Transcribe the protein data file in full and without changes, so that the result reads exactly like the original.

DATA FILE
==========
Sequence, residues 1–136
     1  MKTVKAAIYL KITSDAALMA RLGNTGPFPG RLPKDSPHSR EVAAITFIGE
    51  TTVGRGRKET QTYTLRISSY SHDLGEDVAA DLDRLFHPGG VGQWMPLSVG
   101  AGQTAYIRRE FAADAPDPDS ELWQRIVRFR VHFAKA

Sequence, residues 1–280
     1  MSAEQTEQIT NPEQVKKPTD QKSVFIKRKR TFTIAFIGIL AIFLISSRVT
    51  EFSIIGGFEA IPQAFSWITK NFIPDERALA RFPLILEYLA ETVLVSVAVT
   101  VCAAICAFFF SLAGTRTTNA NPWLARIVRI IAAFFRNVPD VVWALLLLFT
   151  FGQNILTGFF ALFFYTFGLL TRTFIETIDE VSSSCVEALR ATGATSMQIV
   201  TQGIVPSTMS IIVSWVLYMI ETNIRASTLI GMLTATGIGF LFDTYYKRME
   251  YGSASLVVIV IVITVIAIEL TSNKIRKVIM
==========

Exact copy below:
Sequence, residues 1–136
     1  MKTVKAAIYL KITSDAALMA RLGNTGPFPG RLPKDSPHSR EVAAITFIGE
    51  TTVGRGRKET QTYTLRISSY SHDLGEDVAA DLDRLFHPGG VGQWMPLSVG
   101  AGQTAYIRRE FAADAPDPDS ELWQRIVRFR VHFAKA

Sequence, residues 1–280
     1  MSAEQTEQIT NPEQVKKPTD QKSVFIKRKR TFTIAFIGIL AIFLISSRVT
    51  EFSIIGGFEA IPQAFSWITK NFIPDERALA RFPLILEYLA ETVLVSVAVT
   101  VCAAICAFFF SLAGTRTTNA NPWLARIVRI IAAFFRNVPD VVWALLLLFT
   151  FGQNILTGFF ALFFYTFGLL TRTFIETIDE VSSSCVEALR ATGATSMQIV
   201  TQGIVPSTMS IIVSWVLYMI ETNIRASTLI GMLTATGIGF LFDTYYKRME
   251  YGSASLVVIV IVITVIAIEL TSNKIRKVIM